E.Durgun"Department of Materials
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  • E.Durgun"Department of Materials

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Summer 2010 MAT Seminar Series


Polarization Vortices in GeTe Nanoplatelets : Door to New Generation Ferams 
                                                                                                                                        Engin Durgun

Department of Materials Science and Engineering, Massachusetts Institute of
Technology, 77 Massachusetts Avenue, Cambridge, MA USA

Ferroelectrics constitute a class of materials exhibiting a spontaneous macroscopic polarization,
which can be reverted in an external electric field. The remanent and switchable natures of their
polarization make these materials of direct interest for technological applications and are
exploited in non-volatile ferroelectric random access memories (FeRAM). The use of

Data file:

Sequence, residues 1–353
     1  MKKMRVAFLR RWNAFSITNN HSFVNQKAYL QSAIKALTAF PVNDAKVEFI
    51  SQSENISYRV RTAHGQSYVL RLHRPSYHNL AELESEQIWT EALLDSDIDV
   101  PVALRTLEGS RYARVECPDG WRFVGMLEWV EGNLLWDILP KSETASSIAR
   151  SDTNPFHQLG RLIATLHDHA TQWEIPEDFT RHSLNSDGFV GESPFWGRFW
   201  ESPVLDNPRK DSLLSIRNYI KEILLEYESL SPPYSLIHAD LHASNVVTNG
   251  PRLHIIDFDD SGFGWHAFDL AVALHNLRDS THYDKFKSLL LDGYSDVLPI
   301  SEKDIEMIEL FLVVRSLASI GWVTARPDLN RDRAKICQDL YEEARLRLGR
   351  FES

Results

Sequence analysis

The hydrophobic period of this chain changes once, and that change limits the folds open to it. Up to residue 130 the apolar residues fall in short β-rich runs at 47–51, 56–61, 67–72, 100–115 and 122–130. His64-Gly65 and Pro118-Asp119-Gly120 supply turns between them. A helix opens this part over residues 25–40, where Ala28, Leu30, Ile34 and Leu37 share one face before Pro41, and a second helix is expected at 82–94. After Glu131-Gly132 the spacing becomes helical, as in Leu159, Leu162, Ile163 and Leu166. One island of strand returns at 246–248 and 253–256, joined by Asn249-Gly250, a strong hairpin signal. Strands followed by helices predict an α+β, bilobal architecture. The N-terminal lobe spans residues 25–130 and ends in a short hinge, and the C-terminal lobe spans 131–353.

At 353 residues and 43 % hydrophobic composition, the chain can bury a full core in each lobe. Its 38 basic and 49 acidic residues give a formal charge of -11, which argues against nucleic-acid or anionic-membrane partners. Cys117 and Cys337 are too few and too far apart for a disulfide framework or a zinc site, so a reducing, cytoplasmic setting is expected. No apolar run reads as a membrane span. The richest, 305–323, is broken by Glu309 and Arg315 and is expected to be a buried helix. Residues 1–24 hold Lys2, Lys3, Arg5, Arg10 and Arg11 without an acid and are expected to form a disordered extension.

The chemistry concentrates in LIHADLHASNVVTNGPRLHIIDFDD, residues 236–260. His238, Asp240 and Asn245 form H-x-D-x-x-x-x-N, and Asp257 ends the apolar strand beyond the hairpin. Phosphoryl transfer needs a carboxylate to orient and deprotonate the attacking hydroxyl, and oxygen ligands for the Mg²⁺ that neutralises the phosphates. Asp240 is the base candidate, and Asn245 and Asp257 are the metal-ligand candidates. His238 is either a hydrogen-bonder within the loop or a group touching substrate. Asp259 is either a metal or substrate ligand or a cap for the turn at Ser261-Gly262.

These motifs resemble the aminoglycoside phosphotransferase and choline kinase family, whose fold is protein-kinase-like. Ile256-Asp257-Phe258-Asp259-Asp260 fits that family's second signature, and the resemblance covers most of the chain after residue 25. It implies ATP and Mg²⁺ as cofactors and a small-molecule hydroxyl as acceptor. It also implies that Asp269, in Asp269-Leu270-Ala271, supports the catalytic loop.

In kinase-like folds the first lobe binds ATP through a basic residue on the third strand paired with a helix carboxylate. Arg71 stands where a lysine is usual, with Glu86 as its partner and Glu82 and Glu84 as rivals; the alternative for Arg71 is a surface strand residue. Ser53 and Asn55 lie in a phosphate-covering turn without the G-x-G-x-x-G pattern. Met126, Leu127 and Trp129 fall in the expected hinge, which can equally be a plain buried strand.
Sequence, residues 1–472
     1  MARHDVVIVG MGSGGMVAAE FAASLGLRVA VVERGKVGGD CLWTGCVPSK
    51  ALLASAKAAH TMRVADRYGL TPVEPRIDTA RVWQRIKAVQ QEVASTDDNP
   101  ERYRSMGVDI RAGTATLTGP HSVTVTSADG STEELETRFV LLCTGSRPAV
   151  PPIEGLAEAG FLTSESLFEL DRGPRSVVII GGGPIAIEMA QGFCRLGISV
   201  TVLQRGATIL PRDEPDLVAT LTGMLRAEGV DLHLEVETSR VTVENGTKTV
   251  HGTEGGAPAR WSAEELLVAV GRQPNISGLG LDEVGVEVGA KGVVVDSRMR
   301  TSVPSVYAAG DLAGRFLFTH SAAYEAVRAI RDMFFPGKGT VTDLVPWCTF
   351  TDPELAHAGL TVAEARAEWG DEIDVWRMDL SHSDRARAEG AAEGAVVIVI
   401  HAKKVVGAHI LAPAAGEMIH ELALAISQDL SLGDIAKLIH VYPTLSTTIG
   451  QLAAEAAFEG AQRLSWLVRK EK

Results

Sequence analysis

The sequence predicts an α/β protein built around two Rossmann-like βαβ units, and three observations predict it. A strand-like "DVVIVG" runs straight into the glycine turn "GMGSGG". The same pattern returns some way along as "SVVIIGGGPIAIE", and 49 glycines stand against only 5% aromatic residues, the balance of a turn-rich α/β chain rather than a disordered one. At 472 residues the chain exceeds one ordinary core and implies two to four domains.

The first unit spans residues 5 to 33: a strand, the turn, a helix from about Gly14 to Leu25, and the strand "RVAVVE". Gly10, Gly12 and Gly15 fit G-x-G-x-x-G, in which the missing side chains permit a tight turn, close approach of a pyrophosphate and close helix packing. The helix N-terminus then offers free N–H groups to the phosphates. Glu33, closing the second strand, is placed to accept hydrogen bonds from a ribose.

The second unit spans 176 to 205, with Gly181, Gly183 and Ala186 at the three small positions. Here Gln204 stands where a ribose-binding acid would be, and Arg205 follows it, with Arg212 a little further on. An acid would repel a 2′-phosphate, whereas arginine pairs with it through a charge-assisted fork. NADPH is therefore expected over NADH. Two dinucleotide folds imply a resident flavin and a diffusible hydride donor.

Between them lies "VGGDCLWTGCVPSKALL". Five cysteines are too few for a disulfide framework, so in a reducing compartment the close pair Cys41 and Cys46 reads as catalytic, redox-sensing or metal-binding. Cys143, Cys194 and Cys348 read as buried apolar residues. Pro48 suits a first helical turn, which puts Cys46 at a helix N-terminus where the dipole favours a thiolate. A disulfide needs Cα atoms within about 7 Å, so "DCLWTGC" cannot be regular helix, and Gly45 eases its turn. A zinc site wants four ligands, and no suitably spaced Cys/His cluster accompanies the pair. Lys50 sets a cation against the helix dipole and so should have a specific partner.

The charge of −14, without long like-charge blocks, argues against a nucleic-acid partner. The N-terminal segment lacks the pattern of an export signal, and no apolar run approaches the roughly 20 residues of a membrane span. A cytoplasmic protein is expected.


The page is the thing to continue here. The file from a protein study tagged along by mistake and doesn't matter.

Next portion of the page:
nanostructures is a promising way of significantly increasing the storage density of FeRAM.
However, this foreseen benefit hinges on whether ferroelectricity still exists in low-dimensional
structures. Albeit significant efforts have been devoted to the characterization and understanding
of ferroelectric nanodots, the field is still at an incipient stage. At the theoretical level,
calculations were based either on a model Hamiltonian approach or on phenomenological
Landau theory but no fully atomistic ab initio calculations, including all degrees of freedoms,
have been performed to date. Furthermore these analyses are limited only to the family of ABO3
perovskite compounds. Here, we discovered that an unusual phase transition exists for an
alternative type of ferroelectric material, namely in zero-dimensional germanium telluride, GeTe
nanoplatelets by using state-of-the-art first-principles calculations based on density functional
theory. We demonstrate, in the interior of sufficiently large dots, the existence of polarization
vortices giving rise to a net and reversible toroidal moment of polarization, G control of which
would opens new opportunities for data-storage applications. The amplitude of G decreases with
the size of the system and is totally suppressed below a critical diameter of 2.7 nm. We revealed
the existence of a surface region within which the atoms behave differently and suppress the
formation of vortex pattern and then highlight the important role of inhomogeneous strain in
stabilizing polarization vortices for smaller sizes. Our results are promising in the sense of
designing ultra-high capacity memory device applications.

Wednesday, 6th of October at 13.40